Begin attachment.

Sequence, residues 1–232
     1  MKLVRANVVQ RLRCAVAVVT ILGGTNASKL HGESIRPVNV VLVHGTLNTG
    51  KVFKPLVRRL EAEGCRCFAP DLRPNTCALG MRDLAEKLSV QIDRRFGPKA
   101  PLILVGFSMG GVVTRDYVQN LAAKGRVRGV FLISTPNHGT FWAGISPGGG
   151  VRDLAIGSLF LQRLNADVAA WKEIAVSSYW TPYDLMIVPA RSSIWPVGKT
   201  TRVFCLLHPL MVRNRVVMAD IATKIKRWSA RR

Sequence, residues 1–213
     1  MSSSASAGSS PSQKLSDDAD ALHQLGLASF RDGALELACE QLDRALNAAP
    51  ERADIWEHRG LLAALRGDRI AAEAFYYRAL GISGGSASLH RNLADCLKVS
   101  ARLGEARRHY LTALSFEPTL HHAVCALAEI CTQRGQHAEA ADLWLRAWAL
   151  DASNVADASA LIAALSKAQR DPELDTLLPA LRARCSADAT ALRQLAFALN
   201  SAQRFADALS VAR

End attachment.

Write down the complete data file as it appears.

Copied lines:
Sequence, residues 1–232
     1  MKLVRANVVQ RLRCAVAVVT ILGGTNASKL HGESIRPVNV VLVHGTLNTG
    51  KVFKPLVRRL EAEGCRCFAP DLRPNTCALG MRDLAEKLSV QIDRRFGPKA
   101  PLILVGFSMG GVVTRDYVQN LAAKGRVRGV FLISTPNHGT FWAGISPGGG
   151  VRDLAIGSLF LQRLNADVAA WKEIAVSSYW TPYDLMIVPA RSSIWPVGKT
   201  TRVFCLLHPL MVRNRVVMAD IATKIKRWSA RR

Sequence, residues 1–213
     1  MSSSASAGSS PSQKLSDDAD ALHQLGLASF RDGALELACE QLDRALNAAP
    51  ERADIWEHRG LLAALRGDRI AAEAFYYRAL GISGGSASLH RNLADCLKVS
   101  ARLGEARRHY LTALSFEPTL HHAVCALAEI CTQRGQHAEA ADLWLRAWAL
   151  DASNVADASA LIAALSKAQR DPELDTLLPA LRARCSADAT ALRQLAFALN
   201  SAQRFADALS VAR